Chicago in crisis: what it's like to lose 24 friends to gun violence
The Chicago police department has a serious problem with race.
That was the finding of a scathing report released this week, which concluded that the police appear to "have no regard for the sanctity of life when it comes to people of colour."
The task force behind the report, assembled by Chicago Mayor Rahm Emanuel, looked at 400 police shootings between 2008 and 2015. Three-quarters of the people wounded or killed in those shootings were black.
The report comes as Chicago struggles with an alarming surge in violence. The city is on track to have more than 500 killings this year — far outpacing last year's murder rate, which was the highest of any city in the United States. Already, more than 130 people have been shot dead — more than in New York and Los Angeles combined.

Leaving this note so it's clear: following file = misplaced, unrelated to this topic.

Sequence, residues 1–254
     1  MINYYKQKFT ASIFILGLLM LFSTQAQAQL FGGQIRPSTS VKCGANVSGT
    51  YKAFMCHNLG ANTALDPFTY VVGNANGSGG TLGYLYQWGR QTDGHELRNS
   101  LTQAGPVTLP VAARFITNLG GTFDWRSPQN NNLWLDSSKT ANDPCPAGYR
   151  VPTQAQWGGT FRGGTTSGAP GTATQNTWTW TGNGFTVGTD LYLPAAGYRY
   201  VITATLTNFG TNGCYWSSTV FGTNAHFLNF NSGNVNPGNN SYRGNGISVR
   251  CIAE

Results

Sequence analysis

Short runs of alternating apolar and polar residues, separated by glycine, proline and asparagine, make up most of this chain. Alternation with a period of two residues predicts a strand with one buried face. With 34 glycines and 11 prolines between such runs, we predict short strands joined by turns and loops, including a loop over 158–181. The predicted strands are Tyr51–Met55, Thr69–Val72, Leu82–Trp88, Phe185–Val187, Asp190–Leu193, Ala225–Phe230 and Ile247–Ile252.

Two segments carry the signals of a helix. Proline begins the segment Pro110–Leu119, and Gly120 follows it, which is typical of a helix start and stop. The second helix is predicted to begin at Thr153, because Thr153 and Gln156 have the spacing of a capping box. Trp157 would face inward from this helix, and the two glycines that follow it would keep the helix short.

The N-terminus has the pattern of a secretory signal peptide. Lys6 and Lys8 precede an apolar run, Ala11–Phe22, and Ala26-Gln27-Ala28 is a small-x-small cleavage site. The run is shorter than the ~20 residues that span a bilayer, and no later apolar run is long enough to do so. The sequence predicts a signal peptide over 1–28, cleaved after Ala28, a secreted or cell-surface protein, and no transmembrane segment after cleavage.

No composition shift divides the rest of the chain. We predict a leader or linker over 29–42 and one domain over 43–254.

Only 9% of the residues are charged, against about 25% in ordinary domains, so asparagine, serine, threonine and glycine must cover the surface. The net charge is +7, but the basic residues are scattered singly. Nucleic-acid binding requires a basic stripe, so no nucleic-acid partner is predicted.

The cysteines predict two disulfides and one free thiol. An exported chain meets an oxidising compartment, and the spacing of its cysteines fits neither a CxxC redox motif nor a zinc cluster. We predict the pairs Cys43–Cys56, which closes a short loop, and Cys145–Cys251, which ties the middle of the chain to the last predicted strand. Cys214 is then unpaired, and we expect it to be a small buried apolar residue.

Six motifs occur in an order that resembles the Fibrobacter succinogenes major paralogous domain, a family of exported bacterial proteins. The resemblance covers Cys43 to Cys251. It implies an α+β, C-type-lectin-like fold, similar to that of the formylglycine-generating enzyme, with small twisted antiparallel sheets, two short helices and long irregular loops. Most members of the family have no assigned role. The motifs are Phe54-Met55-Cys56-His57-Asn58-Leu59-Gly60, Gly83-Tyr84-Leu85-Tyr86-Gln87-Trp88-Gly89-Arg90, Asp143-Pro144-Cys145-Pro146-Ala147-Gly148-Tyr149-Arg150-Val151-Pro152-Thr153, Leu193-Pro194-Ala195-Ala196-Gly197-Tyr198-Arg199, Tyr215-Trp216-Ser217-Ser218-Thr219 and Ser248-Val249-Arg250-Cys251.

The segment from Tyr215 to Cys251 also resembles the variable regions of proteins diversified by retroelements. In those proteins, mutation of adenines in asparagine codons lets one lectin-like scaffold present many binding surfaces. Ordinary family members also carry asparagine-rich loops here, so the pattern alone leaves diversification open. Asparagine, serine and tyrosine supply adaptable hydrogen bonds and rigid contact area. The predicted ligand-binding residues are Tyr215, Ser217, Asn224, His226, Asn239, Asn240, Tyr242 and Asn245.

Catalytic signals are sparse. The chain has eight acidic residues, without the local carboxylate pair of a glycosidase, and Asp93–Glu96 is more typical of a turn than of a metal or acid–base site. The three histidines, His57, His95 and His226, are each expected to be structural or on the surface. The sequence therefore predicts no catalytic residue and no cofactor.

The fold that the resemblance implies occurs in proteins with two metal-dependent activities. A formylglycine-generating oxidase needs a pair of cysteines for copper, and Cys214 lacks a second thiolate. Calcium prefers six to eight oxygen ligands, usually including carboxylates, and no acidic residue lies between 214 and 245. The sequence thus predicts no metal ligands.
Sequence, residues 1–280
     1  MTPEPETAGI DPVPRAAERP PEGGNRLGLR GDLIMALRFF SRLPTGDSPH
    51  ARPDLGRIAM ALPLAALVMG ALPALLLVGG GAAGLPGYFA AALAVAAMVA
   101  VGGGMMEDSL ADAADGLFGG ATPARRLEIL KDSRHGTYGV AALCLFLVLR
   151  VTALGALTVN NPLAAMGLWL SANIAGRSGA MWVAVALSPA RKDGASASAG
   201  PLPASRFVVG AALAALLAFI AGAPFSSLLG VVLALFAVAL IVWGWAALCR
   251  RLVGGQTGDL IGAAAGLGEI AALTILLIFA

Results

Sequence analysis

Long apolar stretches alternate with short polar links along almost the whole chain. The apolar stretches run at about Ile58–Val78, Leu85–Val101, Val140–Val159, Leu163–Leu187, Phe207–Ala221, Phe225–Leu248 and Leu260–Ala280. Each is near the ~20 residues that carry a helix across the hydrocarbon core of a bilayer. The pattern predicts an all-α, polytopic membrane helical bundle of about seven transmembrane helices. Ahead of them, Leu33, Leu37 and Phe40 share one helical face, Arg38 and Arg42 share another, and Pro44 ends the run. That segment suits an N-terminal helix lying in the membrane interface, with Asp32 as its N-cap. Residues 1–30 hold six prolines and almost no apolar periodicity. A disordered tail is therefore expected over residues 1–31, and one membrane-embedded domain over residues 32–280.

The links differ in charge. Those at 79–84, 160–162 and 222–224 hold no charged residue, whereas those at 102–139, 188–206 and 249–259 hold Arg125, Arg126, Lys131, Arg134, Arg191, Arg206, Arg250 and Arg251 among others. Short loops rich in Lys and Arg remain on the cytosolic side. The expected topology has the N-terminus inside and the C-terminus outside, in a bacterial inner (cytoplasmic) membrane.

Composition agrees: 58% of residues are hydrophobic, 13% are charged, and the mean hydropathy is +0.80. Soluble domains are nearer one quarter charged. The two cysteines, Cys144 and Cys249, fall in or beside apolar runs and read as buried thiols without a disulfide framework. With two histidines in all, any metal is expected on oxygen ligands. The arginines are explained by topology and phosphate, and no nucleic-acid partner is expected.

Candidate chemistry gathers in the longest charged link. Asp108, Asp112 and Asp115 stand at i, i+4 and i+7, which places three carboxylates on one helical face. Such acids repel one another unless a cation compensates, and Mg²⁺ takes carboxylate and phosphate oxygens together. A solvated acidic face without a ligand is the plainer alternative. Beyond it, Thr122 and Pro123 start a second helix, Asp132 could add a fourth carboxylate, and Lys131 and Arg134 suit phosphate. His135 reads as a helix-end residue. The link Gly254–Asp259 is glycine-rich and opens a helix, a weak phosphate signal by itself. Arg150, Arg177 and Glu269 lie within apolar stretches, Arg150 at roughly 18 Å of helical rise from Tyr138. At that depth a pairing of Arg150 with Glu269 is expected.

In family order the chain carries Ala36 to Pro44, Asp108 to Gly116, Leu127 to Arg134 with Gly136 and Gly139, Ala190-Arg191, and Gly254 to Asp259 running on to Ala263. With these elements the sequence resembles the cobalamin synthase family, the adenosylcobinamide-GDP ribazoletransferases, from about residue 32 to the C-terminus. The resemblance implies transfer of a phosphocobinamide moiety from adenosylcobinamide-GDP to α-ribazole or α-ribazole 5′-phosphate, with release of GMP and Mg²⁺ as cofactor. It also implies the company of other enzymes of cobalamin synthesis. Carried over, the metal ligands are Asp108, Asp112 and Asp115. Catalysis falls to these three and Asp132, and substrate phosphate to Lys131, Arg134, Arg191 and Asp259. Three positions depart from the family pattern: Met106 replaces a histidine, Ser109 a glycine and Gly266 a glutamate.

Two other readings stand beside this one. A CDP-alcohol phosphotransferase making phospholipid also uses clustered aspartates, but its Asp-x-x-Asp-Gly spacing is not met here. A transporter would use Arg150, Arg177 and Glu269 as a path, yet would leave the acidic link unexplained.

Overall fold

That violence is all too familiar to anti-gun activist Camiella Williams, who lost her 24th friend to gun violence last month.
A gun made me feel powerful.- Camiellia Williams
Williams has gone to so many funerals that she says she is becoming numb to the violence in her city. But she is not counting on the police for justice.
"I know the police is not going to catch these people," she says.
A former gang member who got her first gun at age 13, Williams understands the pressures that push people to become violent.
"What I was exposed to in my community — shooting all day, fighting … You begin to say, 'Look, I'm tired of fighting. I'm taking the hits and the blows, so now I've gotta get a gun.' And a gun made feel powerful."
Williams left gang life after she found out she was pregnant. She now lives in the suburbs of Chicago and has a 9 year-old son. These days, she works as a teacher, helping at-risk youth to navigate their neighbourhoods and break the cycle of violence.
It can be discouraging. But she says she won't stop. "If I give up," she says, "what message is that sending to the people I'm trying to help?"